An interesting finale to the album is a “hidden tracks” which consists of roughly nine minutes of demo material. Much of it is acoustic, low-fi, unmastered, and really, really, rough; but all of it provides an exclamation point to an album that points its finger at others as much as self. Showing a strange, unnecessary tender side in some of the demo material is about the only thing the band could do that really comes as uncharted territory. And doing so is as much punk, if not more, than today’s Hot Topics and the Tony Hawks. Despite the album’s final sentiments, “I suppose that’s how we’ll go out, played out and way after our time,” punk icons of any sort, will not fall out of taste any time soon.

Ken Jordan (of the Crystal Method) Interview

The Crystal Method typically steps outside of the given borders within modern electronica, and have historically done so, especially with releases such as 2004’s rock-tinged outlet, Legion of Boom. Most recently The Crystal Method have recorded Drive, the first of its kind, a 45 minute cross training mix exclusively through iTunes and Nike. In this interview The Crystal Method’s Ken Jordan discusses the Drive project, rock influence within his music and the prospects of a full-length studio album in the near future.

Like the breakthrough debut Vegas did, I believe the new integrated athletic mix will catch the attention of many within the realm of electronic music. How does this project compare to creating and releasing an album and what unique challenges does it offer?

Ken Jordan: This was a very interesting and challenging project. The process was a mix between a new studio LP and a mix CD. Every track except “Roadhouse Blues” is ours. Every track is brand new and not available anywhere else. It was fun making something for a specific purpose. Normally we go into the studio and just make tracks for ourselves and aren’t concerned with too much else. Drive had to not only sound great to us but also work for the runner. We worked very hard making that happen and we’re really happy with the end result.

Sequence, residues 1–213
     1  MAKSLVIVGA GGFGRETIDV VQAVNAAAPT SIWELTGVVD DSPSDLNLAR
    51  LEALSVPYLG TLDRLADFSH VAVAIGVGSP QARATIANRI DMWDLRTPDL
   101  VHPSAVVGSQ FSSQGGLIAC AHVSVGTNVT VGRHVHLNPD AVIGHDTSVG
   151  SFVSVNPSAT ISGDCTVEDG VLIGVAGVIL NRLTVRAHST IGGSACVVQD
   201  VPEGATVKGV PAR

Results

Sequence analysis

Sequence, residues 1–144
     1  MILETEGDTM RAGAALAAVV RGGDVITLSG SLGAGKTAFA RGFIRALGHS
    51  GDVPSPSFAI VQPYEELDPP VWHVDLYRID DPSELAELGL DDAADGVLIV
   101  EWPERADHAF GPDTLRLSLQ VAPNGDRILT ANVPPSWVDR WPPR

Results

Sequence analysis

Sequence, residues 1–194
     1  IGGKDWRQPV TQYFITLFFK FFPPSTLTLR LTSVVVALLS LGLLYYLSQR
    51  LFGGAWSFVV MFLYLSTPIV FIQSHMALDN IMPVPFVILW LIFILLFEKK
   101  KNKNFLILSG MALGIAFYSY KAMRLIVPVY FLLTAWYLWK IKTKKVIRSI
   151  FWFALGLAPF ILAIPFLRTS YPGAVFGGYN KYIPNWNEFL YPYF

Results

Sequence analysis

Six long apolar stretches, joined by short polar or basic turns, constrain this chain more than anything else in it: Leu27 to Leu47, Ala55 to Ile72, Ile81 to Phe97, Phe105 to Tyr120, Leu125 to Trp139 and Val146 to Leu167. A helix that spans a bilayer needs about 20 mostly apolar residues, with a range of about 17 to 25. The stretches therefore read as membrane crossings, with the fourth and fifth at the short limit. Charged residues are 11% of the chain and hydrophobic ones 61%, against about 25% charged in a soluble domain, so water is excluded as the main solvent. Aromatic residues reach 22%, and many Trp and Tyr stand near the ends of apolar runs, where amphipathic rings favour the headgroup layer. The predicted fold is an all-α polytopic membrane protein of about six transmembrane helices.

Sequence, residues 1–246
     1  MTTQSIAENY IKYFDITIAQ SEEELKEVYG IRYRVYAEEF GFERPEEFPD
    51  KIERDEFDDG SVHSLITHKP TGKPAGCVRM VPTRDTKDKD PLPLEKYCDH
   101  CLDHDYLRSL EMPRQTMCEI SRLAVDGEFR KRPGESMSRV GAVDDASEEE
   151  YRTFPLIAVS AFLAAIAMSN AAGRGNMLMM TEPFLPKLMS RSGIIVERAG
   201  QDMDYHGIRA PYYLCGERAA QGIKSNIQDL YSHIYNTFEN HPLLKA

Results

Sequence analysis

The electronic music scene seems to be lacking innovation and experimentation in recent years. What is The Crystal Method doing to offset stagnant trends?

KJ: We are always experimenting, in and out of the studio, and hopefully we’ll continue to innovate.

Since The Crystal Method’s birth in 1993 what have been the most enjoyable projects that you’ve worked on and how does the new Drive project compare?

Ken Jordan: We’ve had a lot of highlights: working with Filter, playing a fashion show in Milan for Donatella Versace, working with Tom Morello, headlining the Hollywood Bowl, playing Coachella, selling over a million records; but really, the most satisfaction comes from just making good records and we’re as proud of Driveas anything we’ve done.

In the past there have been a few drifts, hints and teases at a full blown rock production, such as the collaboration with Filter’s Richard Patrick and tracks such as Legion of Boom’s guitar-ridden “Weapons of Mass Distortion.” Are there any future plans to continue that direction with the group’s music?

Ken Jordan: We love rock and we like to rock. I think you’ll always hear rock influences in The Crystal Method’s music.

What are the plans for the follow-up to 2004’s Grammy nominated Legion of Boom?

Ken Jordan: Well since L.O.B. we’ve released Community Service II and this year we put out the soundtrack CD from London and just released Drive, our next studio LP should be out in early 2007 with a live tour to follow.

Jon Weisnewski (of Akimbo) Interview

Though Akimbo has maintained a reputation for being one of the strongest Northwestern hardcore bands for some time, the band has been together for roughly eight years, it has gone through a number of difficult line-up changes (ten members have called themselves members of the group throughout the years) and as a result found itself at a turning point with its latest release Forging Steel and Laying Stone. In this Q&A bassist/vocalist Jon Weisnewski takes a bit of time away from a couple drinks at three in the morning to comment on the modern hardcore scene, racism on the road and Jaws.